What does this mean? In short, if the element is off screen, its descendants are not rendered. The browser determines the size of the element without considering any of its contents, and stops there. Most of the rendering, such as the element's hive layout and style, is ignored.

As the element approaches the viewport, the browser no longer adds the size
containment and begins to paint and test the content of the item. This allows rendering work to be done just in time for the user to see it.

Example: a travel blog

In this example, we base our travel blog on the right and apply content-visibility: auto to fragmented areas on the left. The results show render times ranging from 232 ms to 30 ms on the initial page load.

A travel blog usually contains a set of stories with some images and descriptive text. This is what happens in a typical browser when you navigate to a travel blog:

  1. A part of the page is downloaded from the web, along with the necessary resources.
  2. The browser designs and distributes all the content on the page, regardless of whether the content is visible to the user.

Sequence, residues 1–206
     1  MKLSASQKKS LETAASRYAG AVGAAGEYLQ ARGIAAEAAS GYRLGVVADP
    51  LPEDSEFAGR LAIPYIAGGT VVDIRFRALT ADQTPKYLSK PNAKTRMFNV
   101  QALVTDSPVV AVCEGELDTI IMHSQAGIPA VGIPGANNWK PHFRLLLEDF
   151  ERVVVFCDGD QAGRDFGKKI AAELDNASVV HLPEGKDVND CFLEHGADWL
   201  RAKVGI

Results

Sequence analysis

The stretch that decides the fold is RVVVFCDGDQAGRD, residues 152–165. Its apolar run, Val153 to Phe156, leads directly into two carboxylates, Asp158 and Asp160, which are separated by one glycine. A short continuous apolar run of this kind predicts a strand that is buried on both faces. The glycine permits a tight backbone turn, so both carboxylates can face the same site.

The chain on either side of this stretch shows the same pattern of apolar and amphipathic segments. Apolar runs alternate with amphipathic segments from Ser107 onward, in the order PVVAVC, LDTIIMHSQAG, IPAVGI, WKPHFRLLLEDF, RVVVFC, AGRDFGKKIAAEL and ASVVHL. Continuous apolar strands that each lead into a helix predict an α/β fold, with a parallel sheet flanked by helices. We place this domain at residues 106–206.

3. The browser returns to step 1 until the entire page and resources are downloaded.

In step 2, the browser processes all the content looking for things that may have changed. Update the style and layout of any new items, along with items that may have changed as a result of new updates. This is rendering work. This takes time.


An example of a travel blog. Watch Demo on Codepen

Now consider what happens if you put content-visibility: auto in each of the individual blog stories. The general cycle is the same: the browser downloads and displays fragments of the page. However, the difference is in the amount of work you do in step 2.

With content visibility, it will apply style and layout to all content that is currently visible to the user (is on screen). However, when rendering the story that is completely off-screen, the browser will skip the rendering work and only apply style and layout to the item's box.